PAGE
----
Rare Earth Elements (REEs) are a group of specialty metals with unique physical, chemical and light-emitting properties that are seeing dramatic increases in demand, owing to their technological applications. The unique properties of REEs make them critical materials to many emerging technologies which are becoming increasingly commonplace in today’s society. In many respects, REEs applications are strongly associated with energy; its efficient use, and its efficient generation. In a world with an ever-increasing demand for clean and efficient technologies, REEs are set to play a pivotal role.
Supply of REEs is both politically and technically complex. Global consumption of REEs has been increasing significantly while supply of REEs has tightened dramatically. For the last 15 years, China has dominated global supply, but owing to the importance of REE availability to internal industries, China is prioritizing its domestic markets through steadily increasing export taxes on REEs in tandem with reducing export quotas. As a result, REEs are in short supply, and with demand forecast to progressively increase, the world drastically needs new suppliers of REEs.
The REE group is considered to include the 15 lanthanide elements: lanthanum, cerium, praseodymium, promethium (does not occur naturally), neodymium, samarium, europium, gadolinium, terbium, dysprosium, holmium, erbium, thulium, ytterbium, and lutetium. The elements yttrium and scandium are also included as they have similar chemical properties, making 17 REEs in total. The resource and market details refer to REEs in the oxide form and the group is collectively discussed as Rare Earth Oxides (REO).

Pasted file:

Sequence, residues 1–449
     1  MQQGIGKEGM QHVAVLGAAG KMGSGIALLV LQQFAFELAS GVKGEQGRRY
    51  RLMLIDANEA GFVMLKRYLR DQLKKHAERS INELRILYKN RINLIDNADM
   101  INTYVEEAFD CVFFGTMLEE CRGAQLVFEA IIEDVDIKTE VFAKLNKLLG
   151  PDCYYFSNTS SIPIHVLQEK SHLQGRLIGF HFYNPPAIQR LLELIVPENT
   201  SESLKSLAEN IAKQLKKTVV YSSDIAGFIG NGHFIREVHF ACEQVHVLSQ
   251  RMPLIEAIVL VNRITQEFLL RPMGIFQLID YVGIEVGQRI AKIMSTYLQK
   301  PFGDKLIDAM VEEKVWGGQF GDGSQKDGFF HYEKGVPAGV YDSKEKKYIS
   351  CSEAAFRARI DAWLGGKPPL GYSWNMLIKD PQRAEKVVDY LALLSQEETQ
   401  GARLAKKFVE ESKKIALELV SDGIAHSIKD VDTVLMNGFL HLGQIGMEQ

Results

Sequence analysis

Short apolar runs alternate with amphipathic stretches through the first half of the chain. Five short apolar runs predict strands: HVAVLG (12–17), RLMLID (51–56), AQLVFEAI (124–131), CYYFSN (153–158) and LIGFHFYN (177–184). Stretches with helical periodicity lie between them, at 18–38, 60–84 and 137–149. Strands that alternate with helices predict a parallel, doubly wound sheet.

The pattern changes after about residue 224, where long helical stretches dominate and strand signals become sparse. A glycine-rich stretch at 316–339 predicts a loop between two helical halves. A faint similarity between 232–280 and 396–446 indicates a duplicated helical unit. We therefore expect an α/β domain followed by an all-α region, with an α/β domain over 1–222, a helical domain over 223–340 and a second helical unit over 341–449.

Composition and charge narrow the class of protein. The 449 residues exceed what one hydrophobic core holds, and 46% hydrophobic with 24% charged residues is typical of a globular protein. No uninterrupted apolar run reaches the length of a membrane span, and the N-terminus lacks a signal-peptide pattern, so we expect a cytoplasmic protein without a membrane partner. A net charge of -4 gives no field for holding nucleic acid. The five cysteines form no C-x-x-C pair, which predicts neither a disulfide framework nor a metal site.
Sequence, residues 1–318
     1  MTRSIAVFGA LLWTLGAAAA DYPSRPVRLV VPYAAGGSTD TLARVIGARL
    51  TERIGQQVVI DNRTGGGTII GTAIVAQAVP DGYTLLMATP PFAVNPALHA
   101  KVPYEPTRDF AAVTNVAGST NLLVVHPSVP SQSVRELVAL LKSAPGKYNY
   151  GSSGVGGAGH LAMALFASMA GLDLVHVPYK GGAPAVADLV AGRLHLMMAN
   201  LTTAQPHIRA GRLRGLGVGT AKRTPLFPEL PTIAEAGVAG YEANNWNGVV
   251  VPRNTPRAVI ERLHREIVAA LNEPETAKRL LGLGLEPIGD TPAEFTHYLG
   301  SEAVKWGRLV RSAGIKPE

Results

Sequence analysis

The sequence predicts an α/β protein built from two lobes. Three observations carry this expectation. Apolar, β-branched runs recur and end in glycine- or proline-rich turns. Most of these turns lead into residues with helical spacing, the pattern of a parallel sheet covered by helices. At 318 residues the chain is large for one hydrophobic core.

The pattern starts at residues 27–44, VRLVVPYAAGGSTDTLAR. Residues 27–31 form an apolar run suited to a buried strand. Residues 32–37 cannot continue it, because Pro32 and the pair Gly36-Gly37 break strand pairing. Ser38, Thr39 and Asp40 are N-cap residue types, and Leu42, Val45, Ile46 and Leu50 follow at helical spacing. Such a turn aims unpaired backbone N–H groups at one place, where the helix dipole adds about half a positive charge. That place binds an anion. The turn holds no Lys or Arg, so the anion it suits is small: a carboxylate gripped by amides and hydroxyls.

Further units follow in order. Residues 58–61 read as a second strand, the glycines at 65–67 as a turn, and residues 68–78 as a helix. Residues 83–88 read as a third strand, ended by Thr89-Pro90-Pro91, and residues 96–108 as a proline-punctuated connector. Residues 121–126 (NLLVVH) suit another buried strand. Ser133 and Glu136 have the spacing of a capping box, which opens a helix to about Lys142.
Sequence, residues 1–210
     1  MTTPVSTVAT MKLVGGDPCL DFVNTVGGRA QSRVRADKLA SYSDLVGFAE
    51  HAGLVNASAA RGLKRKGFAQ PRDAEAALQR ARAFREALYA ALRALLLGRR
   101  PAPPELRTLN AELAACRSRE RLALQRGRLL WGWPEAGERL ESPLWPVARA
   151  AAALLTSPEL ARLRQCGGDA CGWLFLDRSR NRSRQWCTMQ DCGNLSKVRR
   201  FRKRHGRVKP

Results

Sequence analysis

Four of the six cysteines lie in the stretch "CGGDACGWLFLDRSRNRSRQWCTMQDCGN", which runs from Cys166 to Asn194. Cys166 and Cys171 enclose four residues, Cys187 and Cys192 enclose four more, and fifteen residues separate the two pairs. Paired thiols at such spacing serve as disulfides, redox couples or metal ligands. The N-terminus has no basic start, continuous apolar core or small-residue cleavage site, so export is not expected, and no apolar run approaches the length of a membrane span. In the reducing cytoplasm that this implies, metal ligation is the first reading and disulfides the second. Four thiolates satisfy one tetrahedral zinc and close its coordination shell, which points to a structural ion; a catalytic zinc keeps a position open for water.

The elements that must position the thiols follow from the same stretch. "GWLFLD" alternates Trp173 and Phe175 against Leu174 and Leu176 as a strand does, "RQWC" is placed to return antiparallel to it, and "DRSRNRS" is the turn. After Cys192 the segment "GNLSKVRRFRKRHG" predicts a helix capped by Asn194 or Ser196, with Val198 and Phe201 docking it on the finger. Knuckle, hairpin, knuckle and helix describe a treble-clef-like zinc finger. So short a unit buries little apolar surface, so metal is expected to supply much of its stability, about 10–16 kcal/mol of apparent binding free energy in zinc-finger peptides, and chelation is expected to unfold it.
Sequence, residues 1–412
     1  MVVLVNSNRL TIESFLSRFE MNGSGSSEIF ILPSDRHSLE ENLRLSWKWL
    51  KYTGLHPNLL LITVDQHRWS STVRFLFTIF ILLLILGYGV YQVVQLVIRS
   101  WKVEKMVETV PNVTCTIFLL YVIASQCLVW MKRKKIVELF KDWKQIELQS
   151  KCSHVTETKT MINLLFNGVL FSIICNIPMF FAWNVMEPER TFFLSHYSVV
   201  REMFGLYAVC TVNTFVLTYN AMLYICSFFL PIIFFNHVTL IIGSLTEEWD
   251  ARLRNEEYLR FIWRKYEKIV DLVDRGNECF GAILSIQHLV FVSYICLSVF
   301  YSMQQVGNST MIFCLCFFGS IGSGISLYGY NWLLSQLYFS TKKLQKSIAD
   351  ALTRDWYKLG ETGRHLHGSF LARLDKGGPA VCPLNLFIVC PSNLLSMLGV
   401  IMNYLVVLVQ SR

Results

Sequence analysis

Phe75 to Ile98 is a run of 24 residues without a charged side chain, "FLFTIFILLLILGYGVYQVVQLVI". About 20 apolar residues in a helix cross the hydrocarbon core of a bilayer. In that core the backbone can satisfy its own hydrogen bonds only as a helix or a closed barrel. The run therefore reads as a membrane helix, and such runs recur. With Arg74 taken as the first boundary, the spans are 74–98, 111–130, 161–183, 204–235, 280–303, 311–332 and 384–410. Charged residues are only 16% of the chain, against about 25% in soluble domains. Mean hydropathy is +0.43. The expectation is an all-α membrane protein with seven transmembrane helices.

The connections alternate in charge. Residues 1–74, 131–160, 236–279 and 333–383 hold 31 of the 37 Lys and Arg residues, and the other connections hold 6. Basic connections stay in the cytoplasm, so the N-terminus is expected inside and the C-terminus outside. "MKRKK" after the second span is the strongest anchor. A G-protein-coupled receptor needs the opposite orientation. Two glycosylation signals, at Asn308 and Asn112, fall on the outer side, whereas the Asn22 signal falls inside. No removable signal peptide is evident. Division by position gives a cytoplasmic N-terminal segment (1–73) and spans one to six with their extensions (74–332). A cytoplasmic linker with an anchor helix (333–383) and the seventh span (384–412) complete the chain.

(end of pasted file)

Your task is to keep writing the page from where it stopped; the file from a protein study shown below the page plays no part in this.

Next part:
As the future supply and demand forecasts for REEs begin to emerge, it is clear that some REEs with high industry dependence will remain under supply pressure for many years to come. These are now referred to as ‘Critical’ rare earths (CRE’s) by the US Department of Energy owing to their importance to clean energy technologies and supply risk. The CREs include neodymium, europium, terbium, dysprosium, and yttrium.